. They seemed to refer the determining of this matter to Christ : and he, indeed, was fit to determine it; for by him kings reign, and princes decree justice. They put the question fairly, Shall we give, or shall we not give? They seemed resolved to stand to his award. “ If thou sayest that we must pay tribute, we will do it, though we be made beggars by it. If thou sayest that we must not, we will not, though we be made traitors for it.” Many seem desirous to know their duty, who are no ways disposed to do it; as those proud men. Jer. xlii. 20.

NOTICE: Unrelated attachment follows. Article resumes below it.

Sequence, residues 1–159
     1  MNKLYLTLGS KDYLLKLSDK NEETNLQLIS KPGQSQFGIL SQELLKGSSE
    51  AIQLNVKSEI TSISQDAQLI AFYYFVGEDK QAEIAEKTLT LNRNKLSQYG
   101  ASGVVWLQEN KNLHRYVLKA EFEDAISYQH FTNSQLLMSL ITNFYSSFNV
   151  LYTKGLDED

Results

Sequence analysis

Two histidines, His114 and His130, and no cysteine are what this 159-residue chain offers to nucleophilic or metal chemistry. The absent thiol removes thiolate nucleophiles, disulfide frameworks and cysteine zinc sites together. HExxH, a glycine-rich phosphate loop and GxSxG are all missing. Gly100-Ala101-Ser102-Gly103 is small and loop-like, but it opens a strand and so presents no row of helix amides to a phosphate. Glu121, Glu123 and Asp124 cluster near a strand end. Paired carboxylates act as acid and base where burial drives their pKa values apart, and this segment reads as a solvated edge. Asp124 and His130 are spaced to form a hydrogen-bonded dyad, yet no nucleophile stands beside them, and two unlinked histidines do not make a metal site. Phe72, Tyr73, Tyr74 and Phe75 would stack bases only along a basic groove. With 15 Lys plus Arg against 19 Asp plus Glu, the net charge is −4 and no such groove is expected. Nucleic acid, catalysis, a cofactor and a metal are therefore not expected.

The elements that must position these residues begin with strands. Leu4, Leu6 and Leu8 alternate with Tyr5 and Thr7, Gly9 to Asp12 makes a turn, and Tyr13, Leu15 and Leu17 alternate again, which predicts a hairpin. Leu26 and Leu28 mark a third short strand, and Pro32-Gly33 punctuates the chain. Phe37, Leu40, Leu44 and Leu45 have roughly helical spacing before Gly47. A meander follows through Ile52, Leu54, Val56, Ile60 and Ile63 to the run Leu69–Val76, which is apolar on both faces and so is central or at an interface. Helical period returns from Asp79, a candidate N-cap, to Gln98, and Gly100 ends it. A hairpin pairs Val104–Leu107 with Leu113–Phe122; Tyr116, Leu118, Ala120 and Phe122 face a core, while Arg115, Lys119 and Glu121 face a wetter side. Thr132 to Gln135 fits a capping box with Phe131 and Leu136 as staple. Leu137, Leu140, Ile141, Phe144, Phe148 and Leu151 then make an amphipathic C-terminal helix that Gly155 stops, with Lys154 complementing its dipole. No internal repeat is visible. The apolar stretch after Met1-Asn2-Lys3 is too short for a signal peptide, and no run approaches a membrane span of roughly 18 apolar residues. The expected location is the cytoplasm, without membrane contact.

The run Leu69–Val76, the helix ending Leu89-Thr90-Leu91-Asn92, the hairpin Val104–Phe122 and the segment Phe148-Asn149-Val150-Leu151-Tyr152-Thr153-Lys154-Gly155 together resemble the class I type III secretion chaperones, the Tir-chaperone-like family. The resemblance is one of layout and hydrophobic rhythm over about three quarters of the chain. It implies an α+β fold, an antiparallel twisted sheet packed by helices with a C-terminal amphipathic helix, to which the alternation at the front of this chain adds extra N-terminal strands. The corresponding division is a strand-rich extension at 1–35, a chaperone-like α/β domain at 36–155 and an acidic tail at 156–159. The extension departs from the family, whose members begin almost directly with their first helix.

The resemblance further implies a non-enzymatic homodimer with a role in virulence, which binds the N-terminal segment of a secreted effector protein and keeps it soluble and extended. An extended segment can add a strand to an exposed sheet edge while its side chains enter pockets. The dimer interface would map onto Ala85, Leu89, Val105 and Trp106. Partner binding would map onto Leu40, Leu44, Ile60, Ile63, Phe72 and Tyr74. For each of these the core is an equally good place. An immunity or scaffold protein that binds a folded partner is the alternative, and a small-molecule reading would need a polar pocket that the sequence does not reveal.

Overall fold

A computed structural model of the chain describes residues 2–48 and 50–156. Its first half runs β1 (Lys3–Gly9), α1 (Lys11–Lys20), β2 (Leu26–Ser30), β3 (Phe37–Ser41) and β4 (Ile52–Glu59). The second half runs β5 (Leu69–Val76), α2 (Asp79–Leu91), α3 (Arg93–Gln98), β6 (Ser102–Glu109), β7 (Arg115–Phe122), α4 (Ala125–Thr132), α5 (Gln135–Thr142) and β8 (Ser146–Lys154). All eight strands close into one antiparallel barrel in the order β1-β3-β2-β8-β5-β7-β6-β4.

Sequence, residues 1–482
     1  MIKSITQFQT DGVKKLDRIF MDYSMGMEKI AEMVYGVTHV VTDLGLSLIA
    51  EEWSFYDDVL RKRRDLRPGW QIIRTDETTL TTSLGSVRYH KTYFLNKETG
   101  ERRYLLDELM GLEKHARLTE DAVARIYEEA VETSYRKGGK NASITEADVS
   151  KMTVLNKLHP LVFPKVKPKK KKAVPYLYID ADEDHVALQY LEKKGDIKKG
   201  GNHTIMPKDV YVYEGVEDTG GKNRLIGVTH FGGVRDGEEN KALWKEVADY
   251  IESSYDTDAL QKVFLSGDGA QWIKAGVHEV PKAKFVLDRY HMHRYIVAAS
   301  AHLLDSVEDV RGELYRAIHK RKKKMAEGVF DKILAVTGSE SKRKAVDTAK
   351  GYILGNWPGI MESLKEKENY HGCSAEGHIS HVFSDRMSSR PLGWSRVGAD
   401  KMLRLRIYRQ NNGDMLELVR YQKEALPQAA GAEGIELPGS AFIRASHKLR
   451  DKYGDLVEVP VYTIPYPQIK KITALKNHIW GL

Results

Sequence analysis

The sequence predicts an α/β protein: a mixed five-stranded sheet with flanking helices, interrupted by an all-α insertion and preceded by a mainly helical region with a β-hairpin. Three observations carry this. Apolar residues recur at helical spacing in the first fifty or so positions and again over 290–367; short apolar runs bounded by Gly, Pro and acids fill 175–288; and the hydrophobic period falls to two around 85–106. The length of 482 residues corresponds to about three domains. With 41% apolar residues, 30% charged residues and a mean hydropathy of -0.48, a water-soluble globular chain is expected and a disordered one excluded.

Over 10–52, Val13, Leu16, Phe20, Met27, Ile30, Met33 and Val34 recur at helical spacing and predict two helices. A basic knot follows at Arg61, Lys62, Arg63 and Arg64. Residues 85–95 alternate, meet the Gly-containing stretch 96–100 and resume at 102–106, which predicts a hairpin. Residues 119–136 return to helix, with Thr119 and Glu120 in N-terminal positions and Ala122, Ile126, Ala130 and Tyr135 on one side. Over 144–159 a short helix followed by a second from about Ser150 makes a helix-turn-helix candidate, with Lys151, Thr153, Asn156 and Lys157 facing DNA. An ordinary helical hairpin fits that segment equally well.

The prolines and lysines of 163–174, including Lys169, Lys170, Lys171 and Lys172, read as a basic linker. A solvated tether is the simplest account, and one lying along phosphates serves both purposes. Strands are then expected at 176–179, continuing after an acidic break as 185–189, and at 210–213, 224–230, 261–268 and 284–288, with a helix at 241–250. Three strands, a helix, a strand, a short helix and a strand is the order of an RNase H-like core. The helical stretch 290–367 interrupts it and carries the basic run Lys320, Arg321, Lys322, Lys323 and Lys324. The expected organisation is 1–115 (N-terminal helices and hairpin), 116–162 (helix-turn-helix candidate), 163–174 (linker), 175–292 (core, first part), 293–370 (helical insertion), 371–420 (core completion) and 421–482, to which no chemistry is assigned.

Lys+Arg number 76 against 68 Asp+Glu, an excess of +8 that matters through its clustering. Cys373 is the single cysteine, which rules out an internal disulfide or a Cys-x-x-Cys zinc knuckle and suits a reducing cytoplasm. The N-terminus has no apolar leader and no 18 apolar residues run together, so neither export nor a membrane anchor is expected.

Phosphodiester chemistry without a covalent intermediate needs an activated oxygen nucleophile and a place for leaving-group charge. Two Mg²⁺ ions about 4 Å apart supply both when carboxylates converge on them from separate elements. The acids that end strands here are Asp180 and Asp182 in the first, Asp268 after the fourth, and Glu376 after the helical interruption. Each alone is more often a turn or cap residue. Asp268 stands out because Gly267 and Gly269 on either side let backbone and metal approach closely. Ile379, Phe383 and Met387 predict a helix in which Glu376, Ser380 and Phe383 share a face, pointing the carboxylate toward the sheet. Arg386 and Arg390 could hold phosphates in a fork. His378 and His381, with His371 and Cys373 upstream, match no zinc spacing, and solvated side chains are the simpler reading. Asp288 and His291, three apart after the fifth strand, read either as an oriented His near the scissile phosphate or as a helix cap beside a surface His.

Christ determined the question, and evaded the snare, by referring them to their national concessions already made, by which they were precluded from disputing this matter. Vers. 15–17. He knew their hypocrisy, the malice that was in their hearts against him, while with their mouth they showed all this love. Hypocrisy, though ever so artfully managed, cannot be concealed from the Lord Jesus. He sees the potsherd that is covered with the silver dross. He knew they intended to ensnare him, and therefore contrived the matter so as to ensnare them, and to oblige them by their own words to do what they were unwilling to do; which was, to pay their taxes honestly and quietly, and yet at the same time to screen himself against their exceptions. He made them acknowledge that the current money of their nation was Roman money, had the emperor's image on one side, and his superscription on the reverse; and if so, 1. Cæsar might command their money for the public benefit, because he has the custody and conduct of the state, wherein he ought to have his charges horne, Render to Cæsar the things that are Cæsar's. The circulation of the money is from him as the fountain, and therefore it must return to him. As far as it is his, so far it must be rendered to him; and how far it is his, and may be commanded by him, is to be judged by the constitution of the government, according as it is, and hath settled the prerogative of the prince and the property of the subject. 2. Cæsar might not command their consciences, nor did he pretend to it. He offered not to make any alteration in their religion,—“ Pay your tribute, therefore, without murmuring or disputing, but be sure to render to God the things that are God's." Perhaps he referred to the parable he had just now put forth, in which he had condemned them for not rendering the fruits to the Lord of the vineyard. Ver. 2. Many that seem careful to give to